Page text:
Imagery In Thomas Jefferson's The Declaration Of Independence

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The Declaration of Independence is an extremely well written document that our country has abided by since the year 1776. It was written by Thomas Jefferson beautifully, with several rhetorical devices. These devices help pull the reader into further believing what the Jefferson is trying to tell them. The first rhetorical device to address is Jefferson’s use of imagery. They aren’t seen to commonly but there are to Prime examples of it within this document. At a point Jefferson states, “… it becomes necessary for one people to dissolve the political bands which have connected them with another…” (262) This helps truly create an image of the political bands being dissolved and allowing more freedom. Another example of imagery is on page 263 when Jefferson wrote, “To prove this, let Facts be submitted to a candid world.” Using…show more content…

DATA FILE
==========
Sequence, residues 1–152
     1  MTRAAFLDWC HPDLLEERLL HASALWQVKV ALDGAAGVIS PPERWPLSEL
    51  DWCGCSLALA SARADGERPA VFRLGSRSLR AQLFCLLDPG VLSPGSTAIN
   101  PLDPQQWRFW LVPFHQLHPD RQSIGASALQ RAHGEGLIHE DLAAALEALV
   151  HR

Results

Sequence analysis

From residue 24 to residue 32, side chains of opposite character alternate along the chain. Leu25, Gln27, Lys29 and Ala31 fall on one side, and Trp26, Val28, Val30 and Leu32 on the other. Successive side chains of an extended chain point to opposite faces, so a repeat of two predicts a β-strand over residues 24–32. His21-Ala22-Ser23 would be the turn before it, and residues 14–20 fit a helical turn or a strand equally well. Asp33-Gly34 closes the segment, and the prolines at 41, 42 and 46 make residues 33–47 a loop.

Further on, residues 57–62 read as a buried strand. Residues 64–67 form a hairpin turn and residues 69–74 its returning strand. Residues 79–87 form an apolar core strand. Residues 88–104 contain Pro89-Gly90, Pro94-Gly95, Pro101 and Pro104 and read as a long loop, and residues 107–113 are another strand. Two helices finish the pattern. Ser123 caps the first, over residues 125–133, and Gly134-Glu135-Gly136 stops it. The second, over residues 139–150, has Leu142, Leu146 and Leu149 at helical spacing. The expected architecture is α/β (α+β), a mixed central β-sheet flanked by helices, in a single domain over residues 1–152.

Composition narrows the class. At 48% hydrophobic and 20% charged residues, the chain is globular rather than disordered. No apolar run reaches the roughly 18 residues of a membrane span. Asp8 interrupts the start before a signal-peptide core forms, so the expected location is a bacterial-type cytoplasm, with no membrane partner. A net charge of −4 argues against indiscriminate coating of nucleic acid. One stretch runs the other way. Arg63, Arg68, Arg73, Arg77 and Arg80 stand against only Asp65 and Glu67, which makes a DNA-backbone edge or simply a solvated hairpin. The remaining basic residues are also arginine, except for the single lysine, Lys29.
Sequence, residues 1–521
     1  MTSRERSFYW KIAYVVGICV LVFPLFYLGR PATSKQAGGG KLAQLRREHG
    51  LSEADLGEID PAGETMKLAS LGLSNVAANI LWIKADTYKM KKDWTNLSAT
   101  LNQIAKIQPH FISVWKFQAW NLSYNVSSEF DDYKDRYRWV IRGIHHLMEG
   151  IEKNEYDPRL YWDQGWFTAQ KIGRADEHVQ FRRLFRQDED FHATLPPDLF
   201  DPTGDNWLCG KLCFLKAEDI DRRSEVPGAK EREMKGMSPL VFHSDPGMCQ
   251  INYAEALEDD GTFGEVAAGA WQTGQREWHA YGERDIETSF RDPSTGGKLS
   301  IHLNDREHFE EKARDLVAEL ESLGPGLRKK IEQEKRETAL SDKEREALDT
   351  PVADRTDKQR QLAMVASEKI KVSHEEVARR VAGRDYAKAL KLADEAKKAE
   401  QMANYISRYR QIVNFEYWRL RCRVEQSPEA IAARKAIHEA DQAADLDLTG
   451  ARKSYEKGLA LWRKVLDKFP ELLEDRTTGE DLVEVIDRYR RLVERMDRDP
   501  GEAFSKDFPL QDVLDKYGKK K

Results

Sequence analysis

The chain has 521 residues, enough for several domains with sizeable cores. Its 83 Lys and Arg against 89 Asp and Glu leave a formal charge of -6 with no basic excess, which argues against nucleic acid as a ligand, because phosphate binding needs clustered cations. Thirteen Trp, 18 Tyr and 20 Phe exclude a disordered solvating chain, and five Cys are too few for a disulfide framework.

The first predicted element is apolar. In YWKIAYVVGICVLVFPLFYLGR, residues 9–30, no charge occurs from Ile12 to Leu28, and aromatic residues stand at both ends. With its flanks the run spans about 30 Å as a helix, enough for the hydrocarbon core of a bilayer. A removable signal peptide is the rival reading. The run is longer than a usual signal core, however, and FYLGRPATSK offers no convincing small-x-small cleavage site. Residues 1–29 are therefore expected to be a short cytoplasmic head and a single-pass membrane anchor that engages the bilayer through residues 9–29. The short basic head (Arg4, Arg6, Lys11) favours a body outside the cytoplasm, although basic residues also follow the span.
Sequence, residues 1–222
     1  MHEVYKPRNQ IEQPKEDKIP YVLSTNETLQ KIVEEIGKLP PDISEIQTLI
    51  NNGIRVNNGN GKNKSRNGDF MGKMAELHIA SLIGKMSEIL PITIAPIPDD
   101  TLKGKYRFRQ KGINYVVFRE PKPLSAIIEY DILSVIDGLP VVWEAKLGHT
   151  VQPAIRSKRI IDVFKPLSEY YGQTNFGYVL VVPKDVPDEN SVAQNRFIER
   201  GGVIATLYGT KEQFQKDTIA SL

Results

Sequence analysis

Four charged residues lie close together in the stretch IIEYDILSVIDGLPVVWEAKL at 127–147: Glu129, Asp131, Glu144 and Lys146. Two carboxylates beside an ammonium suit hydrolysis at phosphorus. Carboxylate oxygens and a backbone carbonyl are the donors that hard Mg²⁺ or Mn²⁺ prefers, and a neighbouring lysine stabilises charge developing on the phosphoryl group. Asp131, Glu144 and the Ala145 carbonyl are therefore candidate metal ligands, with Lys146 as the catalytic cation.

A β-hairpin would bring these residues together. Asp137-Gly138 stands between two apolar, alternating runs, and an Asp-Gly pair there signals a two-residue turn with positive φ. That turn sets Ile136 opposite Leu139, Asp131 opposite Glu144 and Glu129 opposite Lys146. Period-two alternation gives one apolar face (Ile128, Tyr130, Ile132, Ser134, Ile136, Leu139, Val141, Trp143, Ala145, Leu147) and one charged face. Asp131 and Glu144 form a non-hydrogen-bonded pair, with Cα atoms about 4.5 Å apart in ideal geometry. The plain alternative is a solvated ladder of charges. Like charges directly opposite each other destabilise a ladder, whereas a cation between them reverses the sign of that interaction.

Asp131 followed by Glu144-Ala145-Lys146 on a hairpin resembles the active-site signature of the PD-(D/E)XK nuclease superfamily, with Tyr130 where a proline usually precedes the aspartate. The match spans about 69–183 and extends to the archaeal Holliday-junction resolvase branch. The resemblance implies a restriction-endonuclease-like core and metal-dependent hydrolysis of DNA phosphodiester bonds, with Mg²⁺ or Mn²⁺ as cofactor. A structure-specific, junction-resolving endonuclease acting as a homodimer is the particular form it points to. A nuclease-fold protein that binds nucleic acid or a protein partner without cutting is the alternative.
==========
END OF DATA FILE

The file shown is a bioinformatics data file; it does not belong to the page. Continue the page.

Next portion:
Jefferson states, “...the separate and equal station to which the Laws of Nature and of Nature’s God entitle them…”(262). This reference to God causes it to be easier to relate to what Jefferson is saying and become closer to his opinion. Another quote where God is referred to is, “...that all men are created equal, that they are endowed by their creator with certain inalienable Rights…”(262). With Jefferson alluding to God it also could give one insight and show that he is a religious based person and can create more knowledge of he, himself for the audience of the document. Overall, Jefferson’s uses of rhetorical devices throughout this document was extremely effective because it helped tremendously in creating more understanding for his position of the reasoning behind why the United States should gain freedom. Without these devices the document would be extremely flat with no real intriguement for one to join the side of Jefferson, and without people on Jefferson’s side, who knows what would be of the United States of America
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